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Saudi Journal of Kidney Diseases and Transplantation
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CASE REPORT Table of Contents   
Year : 2009  |  Volume : 20  |  Issue : 4  |  Page : 643-645
Is pulmonary histoplasmosis a risk factor for acute renal failure in renal transplant recipients?


1 Dr. Taheri Medical Research Group and Baqiyatallah University of Medical Sciences, Tehran, Iran
2 Dr. Taheri Medical Research Group, Iran

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Date of Web Publication8-Jul-2009
 

   Abstract 

Prolonged use of immunosuppressive medication is associated with an increased sus­ceptibility to viral, bacterial and fungal infections. This paper reports a 42 year old kidney transplant recipient with 10 years of stable allograft function who developed pulmonary histoplasmosis and consequently lost his kidney. This report corroborates the previously proposed threat of infection with H. capsulatum for kidney allograft rejection.

How to cite this article:
Pourfarziani V, Taheri S. Is pulmonary histoplasmosis a risk factor for acute renal failure in renal transplant recipients?. Saudi J Kidney Dis Transpl 2009;20:643-5

How to cite this URL:
Pourfarziani V, Taheri S. Is pulmonary histoplasmosis a risk factor for acute renal failure in renal transplant recipients?. Saudi J Kidney Dis Transpl [serial online] 2009 [cited 2021 Apr 21];20:643-5. Available from: https://www.sjkdt.org/text.asp?2009/20/4/643/53256

   Introduction Top


Prolonged use of immunosuppressive medi­cation is associated with an increased suscep­tibility to viral, bacterial and fungal infections, which are the second most important cause of death in long term follow up studies of renal transplant recipients. [1] Although, clinical cases of histoplasmosis have been reported from many parts of the world, most notably some parts of the United States and to a lesser extent from central and South America, [2] the infection is considered as an extremely rare problem in Iran. In fact so far there is just one case report of clinical histoplasmosis in Iran. [3]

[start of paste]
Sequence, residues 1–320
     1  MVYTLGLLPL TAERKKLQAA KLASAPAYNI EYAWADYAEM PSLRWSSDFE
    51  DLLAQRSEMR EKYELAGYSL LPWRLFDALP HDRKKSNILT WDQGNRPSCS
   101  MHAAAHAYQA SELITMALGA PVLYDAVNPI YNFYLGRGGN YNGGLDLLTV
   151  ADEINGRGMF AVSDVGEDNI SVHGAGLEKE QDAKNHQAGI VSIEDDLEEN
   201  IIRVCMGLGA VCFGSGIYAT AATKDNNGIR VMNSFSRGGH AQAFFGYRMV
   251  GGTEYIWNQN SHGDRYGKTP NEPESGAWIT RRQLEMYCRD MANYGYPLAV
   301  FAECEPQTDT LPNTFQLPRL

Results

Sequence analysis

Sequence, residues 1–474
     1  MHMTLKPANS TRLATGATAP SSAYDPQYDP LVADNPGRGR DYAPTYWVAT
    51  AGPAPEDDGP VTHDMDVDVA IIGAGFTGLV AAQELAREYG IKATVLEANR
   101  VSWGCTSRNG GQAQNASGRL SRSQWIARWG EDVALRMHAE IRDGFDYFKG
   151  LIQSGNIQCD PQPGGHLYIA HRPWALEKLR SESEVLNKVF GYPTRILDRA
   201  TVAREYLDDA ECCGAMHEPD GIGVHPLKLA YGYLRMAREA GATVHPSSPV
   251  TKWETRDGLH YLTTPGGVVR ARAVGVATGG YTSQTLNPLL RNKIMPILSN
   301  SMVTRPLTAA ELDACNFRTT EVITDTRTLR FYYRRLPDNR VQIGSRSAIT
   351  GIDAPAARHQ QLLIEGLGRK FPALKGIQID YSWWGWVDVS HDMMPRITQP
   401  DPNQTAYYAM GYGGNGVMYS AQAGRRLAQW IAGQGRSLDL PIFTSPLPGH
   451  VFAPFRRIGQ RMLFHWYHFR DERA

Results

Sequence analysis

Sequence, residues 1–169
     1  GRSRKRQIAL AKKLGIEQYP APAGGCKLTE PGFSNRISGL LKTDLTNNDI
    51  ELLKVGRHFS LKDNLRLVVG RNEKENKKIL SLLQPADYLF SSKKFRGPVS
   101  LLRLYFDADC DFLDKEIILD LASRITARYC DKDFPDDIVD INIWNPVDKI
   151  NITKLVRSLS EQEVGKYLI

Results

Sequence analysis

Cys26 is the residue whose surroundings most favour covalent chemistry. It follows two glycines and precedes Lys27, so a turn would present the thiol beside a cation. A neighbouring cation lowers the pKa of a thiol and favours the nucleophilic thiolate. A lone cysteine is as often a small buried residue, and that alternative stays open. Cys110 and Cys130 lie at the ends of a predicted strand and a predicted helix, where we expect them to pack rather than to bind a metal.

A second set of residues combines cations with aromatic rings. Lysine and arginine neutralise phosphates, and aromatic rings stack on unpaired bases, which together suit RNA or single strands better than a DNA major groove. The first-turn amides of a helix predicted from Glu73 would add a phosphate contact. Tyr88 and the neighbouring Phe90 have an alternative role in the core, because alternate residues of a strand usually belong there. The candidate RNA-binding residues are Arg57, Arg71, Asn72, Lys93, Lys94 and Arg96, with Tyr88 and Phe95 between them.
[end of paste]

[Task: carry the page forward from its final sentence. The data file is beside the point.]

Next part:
We report a case of renal transplant recipient presented 10 years later with acute renal failure and a severe infection by Histoplasma capsu­latum.


   Case Report Top


In June 1993, a 32 year old man received a kidney transplant from a living unrelated donor at our Kidney Transplantation department. His end-stage renal disease (ESRD) was due to chronic pyelonephritis.

He was admitted with symptoms of coryza, arthralgia, prolonged fever and impaired allo­graft function in September 2003, 10 years after transplantation. At that time, his drug regimen was based on a triple immunosuppressive the­rapy with cyclosporine, prednisolone and aza­thioprine.

On physical examination, blood pressure was 125/75 mmHg, temperature 38.1°C and pulse rate 88 beats/min and rest of the examination was unremarkable. The renal allograft palpable in right lower quadrant of abdomen was neither enlarged nor tender.

His laboratory results included erythrocyte sedi­mentation rate: 46 mm/h, hemoglobin: 7.5 g/dL, white blood cells 4300/µL, platelets: 116000/mm 3 , and serum creatinine: 7.6 mg/dL. Liver function tests were normal.

After admission, azathioprine and cyclosporine were discontinued and broad spectrum antibio­tics, ganciclovir and stress dose of glucocorti­coid were initiated. Chest X-ray revealed mild haziness in the left lower lobe of his lung.

Stool examination was negative for cysts, ova and parasites; repeated cultures of blood and urine were negative as were serologic tests for Hepa­titis B and C, Epstein-Barr (EBV) and HIV. Cy­tomegalovirus antigen and IgM-antibody were not detected, however CMV IgG was positive. Results of PPD test and smear of sputum for acid fast bacilli were negative On the third day of admission, anticoagulant therapy for suspected pulmonary embolism was initiated and a perfusion lung scan later was of low probability for pulmonary thromboembolism.

On 4 th day he was admitted to the intensive care unit and mechanical ventilation for respira­tory support was started. Broad spectrum anti­biotics were along with heparin and hemodia­lysis was initiated via temporary catheter.

Chest X ray on 7 th day now revealed a cavity in the left lung consolidation. A thoracic spiral CT scan also confirmed a cavitary lesion in the position.